Investor confidence in the European economy has severely dipped following the ongoing uncertainty in Italy.
Concerns over the new populist government’s euro-skeptic tendencies and budget-busting spending plans prompted a slide in sentiment among financial-market participants, according to a survey by Sentix. Expectations for the euro-area economy dropped to the lowest since August 2012, when the region was embroiled in a debt crisis that threatened to break up the bloc.
Ridiculous #Italy rally continues. 2y risk spread over #Germany plunges to 140bps as populist government prepares to face parliament vote. Slim senate majority makes this and future votes risky. https://t.co/F0ZTxgx5Ox pic.twitter.com/CCMQSOlBBV
— Holger Zschaepitz (@Schuldensuehner) 4 June 2018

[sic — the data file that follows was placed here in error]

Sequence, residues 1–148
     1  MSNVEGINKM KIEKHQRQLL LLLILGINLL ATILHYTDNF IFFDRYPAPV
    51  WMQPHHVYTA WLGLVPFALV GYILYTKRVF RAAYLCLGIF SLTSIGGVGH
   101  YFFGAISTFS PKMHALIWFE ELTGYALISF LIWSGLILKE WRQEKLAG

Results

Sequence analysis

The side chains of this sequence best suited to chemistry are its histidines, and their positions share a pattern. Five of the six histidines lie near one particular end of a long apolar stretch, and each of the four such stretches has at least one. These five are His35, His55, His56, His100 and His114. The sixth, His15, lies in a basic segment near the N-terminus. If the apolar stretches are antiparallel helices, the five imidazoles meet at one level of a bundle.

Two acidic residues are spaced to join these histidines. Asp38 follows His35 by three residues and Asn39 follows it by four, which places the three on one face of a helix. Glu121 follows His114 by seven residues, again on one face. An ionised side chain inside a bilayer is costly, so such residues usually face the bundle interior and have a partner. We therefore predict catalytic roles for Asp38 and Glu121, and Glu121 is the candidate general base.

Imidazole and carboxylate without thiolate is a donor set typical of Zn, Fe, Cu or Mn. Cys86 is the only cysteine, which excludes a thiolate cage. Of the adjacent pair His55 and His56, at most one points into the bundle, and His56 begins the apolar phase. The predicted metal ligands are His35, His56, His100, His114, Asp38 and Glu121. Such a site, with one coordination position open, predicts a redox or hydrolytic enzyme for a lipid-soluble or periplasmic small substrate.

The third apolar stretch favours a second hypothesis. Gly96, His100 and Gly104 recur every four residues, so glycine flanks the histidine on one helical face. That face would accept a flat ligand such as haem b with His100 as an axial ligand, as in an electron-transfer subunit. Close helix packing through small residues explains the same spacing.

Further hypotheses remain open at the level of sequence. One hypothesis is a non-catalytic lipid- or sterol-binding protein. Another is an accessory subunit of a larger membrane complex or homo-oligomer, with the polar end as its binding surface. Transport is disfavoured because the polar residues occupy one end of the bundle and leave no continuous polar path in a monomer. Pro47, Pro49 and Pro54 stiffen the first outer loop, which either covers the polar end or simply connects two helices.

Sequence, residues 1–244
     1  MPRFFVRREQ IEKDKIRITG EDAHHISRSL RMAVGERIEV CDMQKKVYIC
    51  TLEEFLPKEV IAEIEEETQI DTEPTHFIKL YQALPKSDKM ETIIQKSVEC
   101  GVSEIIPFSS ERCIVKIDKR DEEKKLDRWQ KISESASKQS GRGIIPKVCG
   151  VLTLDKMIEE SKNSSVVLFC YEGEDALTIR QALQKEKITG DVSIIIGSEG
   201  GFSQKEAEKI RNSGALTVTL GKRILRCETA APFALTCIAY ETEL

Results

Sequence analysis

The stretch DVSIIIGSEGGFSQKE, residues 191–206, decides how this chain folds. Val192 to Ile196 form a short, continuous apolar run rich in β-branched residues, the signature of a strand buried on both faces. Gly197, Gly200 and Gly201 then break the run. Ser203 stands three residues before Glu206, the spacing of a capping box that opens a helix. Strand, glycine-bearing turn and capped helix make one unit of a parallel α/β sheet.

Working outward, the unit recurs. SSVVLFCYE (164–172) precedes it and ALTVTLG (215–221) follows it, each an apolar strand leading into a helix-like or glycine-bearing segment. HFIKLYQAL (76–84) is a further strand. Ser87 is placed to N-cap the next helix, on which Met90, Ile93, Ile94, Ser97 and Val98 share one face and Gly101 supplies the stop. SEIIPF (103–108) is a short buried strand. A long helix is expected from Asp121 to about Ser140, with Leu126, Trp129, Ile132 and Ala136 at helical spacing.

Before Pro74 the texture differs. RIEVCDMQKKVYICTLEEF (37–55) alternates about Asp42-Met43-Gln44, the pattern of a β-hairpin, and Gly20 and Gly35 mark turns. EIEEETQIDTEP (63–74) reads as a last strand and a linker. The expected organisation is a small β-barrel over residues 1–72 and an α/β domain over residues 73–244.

“The new government in Italy is giving investors fears for the euro zone,” Sentix said. While U.S. tariffs on steel and aluminum are “also having a negative impact” it added that those concerns “seem to be even lower than those before the government in Rome reopened the euro crisis. Either way, investors expect a serious slowdown in growth.”
So @Mov5Stelle has claimed @ECB was punishing #Italy last month to ensure no populist govt took power. Seemed nuts. But then ECB released QE data today. Interesting graph, no? https://t.co/APk9VrqTOD pic.twitter.com/EIj5QGAnH8
— Peter Spiegel (@SpiegelPeter) 4 June 2018